Nvidia GeForce 3D Vision Inverness

The bundle available in the market in Inverness comprises two key elements: the GeForce 3D Vision set of battery-powered glasses and emitter, and a monitor capable of refreshing its image at 120Hz.

Precision Relays Ltd
01463 233929
3, Seafield Rd
01463 712151
11, Carsegate Rd
0845 4587140
44, Union St,
0870 6097367
Unit 1, Telford St
R.W.M Domestic Spares
01463 220506
15, Market Arcade
Elfin Europe Ltd
01463 861495
Cragganard, Abriachan
Scottish Hydro Electric
01463 232932
1-5, Church St
Highland TV Service
01463 236670
14-16, Greig St
Shop at Panasonic
01463 716646
112, Academy St
Telly On The Blink Ltd
01463 233175
65-67, Tomnahurich St

Nvidia GeForce 3D Vision

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After several early hands-on sessions and an enthusiastic preview in our 3D: Coming to a Screen Near You feature, a full GeForce 3D Vision kit finally arrived this week to send the gamers among us into overdrive.

The bundle comprises two key elements: the GeForce 3D Vision set of battery-powered glasses and emitter, and a monitor capable of refreshing its image at 120Hz - Samsung and ViewSonic have produced the first two capable 22in desktop TFTs, and it's the former we have here.

The Samsung SyncMaster 2233RZ is a fairly standard 22in TFT in most respects: 1,680 x 1,050 resolution, 300cd/m2 brightness and 1,000:1 contrast ratio, along with Samsung's curved design and some rather odd flowers etched into the rear. But that 120Hz refresh rate is the vital component, as it allows 3D Vision to produce a sufficiently smooth image to keep things headache free.

Unlike standard polarised glasses, in which the monitor has a filter over the screen to split the image for each eye, Nvidia's active shutter glasses do the hard work themselves. The 3D Vision driver produces a slightly different perspective for each eye and rapidly alternates them on screen, while an LCD over each lens is opened and closed in time so each eye sees only its intended perspective 60 times per second. The brain does the rest to produce the 3D image.

The glasses are necessarily a little chunkier than traditional polarised specs, in order to house the battery and the USB port for charging, but as you'll get 40 hours out of one charge you needn't worry about being tethered to your PC.

The eyes-on experience

Setting the system up was as simple as installing the 3D Vision driver over the top of the standard GeForce driver, and plugging everything in. Many of the most popular games are fully supported, with others rated Good, Fair or Poor. A full list of compatible games can be found on Nvidia's website, and every game displays a status message on startup containing recommended tweaks to settings.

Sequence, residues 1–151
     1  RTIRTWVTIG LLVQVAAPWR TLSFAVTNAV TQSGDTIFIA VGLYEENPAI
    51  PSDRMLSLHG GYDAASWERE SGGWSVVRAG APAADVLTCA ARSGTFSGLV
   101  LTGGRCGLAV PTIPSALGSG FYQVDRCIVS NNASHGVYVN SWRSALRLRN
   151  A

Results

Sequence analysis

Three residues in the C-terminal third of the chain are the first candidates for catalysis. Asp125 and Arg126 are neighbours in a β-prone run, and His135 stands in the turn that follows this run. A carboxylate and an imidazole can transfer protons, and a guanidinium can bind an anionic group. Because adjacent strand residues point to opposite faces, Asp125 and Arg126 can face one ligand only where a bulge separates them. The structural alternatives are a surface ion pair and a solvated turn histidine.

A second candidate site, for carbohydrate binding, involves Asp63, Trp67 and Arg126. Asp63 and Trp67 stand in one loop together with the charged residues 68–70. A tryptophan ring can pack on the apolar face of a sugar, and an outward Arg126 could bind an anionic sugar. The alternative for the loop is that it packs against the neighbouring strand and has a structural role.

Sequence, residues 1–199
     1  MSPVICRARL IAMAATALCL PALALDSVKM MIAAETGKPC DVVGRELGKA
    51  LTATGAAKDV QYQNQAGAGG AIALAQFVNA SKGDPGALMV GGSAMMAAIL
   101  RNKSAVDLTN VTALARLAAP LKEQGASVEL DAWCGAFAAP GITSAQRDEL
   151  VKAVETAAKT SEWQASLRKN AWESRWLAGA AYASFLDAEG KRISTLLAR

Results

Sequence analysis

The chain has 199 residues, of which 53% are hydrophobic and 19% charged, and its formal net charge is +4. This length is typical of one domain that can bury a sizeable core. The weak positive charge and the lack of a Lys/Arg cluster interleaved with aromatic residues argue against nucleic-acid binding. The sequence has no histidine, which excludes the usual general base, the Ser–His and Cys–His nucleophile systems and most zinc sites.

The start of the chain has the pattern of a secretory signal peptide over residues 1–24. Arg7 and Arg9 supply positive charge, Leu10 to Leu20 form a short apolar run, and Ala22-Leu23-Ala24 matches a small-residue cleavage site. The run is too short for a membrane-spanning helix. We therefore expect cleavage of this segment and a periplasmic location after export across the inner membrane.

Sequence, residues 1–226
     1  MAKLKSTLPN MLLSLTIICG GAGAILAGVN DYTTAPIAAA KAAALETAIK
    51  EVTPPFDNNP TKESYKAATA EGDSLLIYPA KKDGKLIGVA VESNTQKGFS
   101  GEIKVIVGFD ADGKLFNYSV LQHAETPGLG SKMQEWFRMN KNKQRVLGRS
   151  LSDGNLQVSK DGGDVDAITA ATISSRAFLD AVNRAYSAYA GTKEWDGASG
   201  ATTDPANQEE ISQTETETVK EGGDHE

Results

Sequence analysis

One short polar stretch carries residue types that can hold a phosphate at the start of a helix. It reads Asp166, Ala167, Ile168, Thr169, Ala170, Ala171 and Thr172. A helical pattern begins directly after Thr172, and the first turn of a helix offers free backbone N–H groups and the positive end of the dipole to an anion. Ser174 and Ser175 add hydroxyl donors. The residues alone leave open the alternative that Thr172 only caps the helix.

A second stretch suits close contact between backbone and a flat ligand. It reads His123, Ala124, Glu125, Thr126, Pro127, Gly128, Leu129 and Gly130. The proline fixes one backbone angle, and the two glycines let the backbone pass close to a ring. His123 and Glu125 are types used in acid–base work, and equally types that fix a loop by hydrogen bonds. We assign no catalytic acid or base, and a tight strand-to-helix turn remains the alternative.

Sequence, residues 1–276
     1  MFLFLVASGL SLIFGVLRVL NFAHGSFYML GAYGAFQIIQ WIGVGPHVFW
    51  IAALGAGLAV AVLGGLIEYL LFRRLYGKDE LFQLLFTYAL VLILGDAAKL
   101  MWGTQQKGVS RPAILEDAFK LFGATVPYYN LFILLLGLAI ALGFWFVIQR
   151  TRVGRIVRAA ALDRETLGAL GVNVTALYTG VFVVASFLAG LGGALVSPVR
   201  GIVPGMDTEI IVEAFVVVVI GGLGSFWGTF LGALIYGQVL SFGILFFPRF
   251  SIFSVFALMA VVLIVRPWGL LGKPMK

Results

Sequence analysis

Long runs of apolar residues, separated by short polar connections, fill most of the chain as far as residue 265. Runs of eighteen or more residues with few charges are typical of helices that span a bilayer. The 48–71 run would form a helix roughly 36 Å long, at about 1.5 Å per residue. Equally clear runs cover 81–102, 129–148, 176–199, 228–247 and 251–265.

Starting with games rated Excellent on Nvidia's list, Far Cry 2 works brilliantly if you follow Nvidia's advice and disable bloom. Backgrounds come to life, proving far away objects are more than just flat window-dressing, while characters, vehicles and water are all rendered with believable depth. Only a few clouds noticeably fail to translate, but they don't spoil the effect.

Games rated Good by Nvidia prove the real test, though. Burnout Paradise appears to work well, although there are noticeably fewer foreground objects to really show off the effect; it's more of an immersive world than a constantly noticeable effect. Mirror's Edge failed to run at all in 3D on our test machine, although in previous hands-on tests we found it similar to Burnout in its immersive feel.

But then there are games like Crysis. Put simply, it's unplayable in 3D. The Nvidia advice upon loading is that it's rated Good, but that clouds and water reflections don't render correctly; in actual play this means water is horribly blocky and stands out a mile from the environment. Considering water features so prominently in Crysis it's a real deal-breaker, and that's before you see the flat muzzle flashes that simply don't work in 3D. Call of Duty: World at War has similar glitches, and the big problem is that even a small glitch in a title rated Good, if common enough in-game, is enough to totally kill the 3D effect.

Behind the scenes

So when it works properly - and compatibility should improve with every game release - it's superb. But with two images being produced we were keen to see just how much extra strain the 3D effect puts on the PC itself. Nvidia is very clear that you'll need Vista or Windows 7, a dual-core CPU and at minimum a GeForce 8800GT, 9600 GT or GT 140, all of which are roughly equivalent across the graphics card generations.

But we'd recommend a fairly hefty gaming rig to do 3D Vision justice. Nvidia had told us previously to expect around a 50% drop in framerates with 3D enabled, and that proved not far off. The precise figures varied between 60% and 40% of the non-3D performance, so many gamers will need to lower settings or buy a faster Nvidia card, which is surely what the company is hoping with this launch.

And that brings us to the price. At £347 exc VAT for the full package (assuming you already own an Nvidia card), it certainly isn't cheap. But this is a smart technology aimed at early adopters, and once you see the results with your own eyes, it's a highly tempting proposition. Yes, it has its early flaws, but with Nvidia wielding such clout in the world of gaming we can see GeForce 3D Vision making slow but steady progress towards the mainstream.

System Specifications

Monitor: 22in 120Hz TFT; 1,680 x 1,050; 300cd/m2 brightness; 1,000:1 contrast ratio; 5ms response time; 2 x DVI; 2yr RTB warranty; 516 x 209 x 421mm.

Glasses: 40-hour battery; mini-USB connector; 50g.

IR emitter: 15ft range; mini-USB connector; 63 x 63 x 38mm; 47g.


When it works as intended - and that's patchy - it's a superb addition to any gamer's hardware.

Author: David Bayon

Nvidia GeForce 3D Vision